Local researcher discovers hypertension-causing enzyme
COLUMBIA - Obesity is a problem affecting one-third of American adults who are also at a higher risk for diabetes and cardiovascular diseases like hypertension.
"Hypertension is a very serious problem with the obese population," said professor of medical pharmacology and physiology at the MU School of Medicine and lead researcher William Durante.
Hypertension is caused when blood vessels are exposed to high pressure, which causes the heart to work harder to pump blood to the tissue. The disease can cause blood vessels to burst and kidney and organ failure.
Durante led a study funded by the American Heart Association and the National Institutes of Health which identified the enzyme that is responsible for hypertension in obese individuals.
The enzyme, arginase, is found primarily in the liver working to break down ammonia; however, the problem comes when the enzyme is found in blood. Arginase depletes blood and blood vessels of arginine, which is needed to produce nitric oxide.
"Nitric oxide is a very important gas that's formed by arginine that dilates blood vessels and in turn lowers blood pressure," Durante said.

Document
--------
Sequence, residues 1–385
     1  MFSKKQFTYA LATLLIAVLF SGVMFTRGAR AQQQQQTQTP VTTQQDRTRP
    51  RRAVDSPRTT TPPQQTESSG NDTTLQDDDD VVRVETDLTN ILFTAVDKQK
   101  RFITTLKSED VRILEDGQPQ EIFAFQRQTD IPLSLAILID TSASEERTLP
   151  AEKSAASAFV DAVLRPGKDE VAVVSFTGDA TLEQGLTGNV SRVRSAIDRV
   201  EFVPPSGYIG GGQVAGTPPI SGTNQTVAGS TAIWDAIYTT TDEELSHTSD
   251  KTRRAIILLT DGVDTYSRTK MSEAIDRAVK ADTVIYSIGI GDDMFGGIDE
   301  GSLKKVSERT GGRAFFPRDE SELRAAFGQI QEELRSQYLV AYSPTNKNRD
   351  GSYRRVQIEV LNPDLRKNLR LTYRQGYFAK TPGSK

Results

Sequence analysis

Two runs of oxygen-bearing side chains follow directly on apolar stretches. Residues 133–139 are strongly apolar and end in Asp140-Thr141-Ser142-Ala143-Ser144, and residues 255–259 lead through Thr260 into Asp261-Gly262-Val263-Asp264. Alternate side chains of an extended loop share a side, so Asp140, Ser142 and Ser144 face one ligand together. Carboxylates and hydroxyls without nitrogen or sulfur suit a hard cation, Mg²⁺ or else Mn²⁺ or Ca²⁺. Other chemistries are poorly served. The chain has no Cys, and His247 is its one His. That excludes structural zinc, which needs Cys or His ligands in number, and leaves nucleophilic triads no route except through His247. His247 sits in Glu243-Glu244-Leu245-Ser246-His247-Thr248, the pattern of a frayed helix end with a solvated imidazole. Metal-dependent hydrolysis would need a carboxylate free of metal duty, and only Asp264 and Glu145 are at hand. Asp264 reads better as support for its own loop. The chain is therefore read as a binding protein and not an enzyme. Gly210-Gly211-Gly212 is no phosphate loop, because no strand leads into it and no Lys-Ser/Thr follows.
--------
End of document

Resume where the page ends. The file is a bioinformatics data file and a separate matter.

The study was first conducted on obese rats. Scientists treated the first group with the amino acid L-arginine to replace what was being lost, while they gave the second group drugs to block the activity of arginase. In both circumstances, the treatments reversed hypertension in the obese rats.
"We went on to show that if we could correct the deficiency of argenine in the animals, we could reduce their blood pressure," Durante said.
Now, researchers said they can relate their findings to humans and work toward finding a way to prevent hypertension in obese patients.
"In this study we identified arginase as a critical mediator of hypertension. In future studies, we want to translate this finding to the clinic by developing drugs that can specifically block the activity of arginase, and this will treat either the development of hypertension in obese patients or normalize hypertension in obese patients," Durante said.
Researchers also hope the findings may lead to new information and treatment options for obese patients with high blood pressure.
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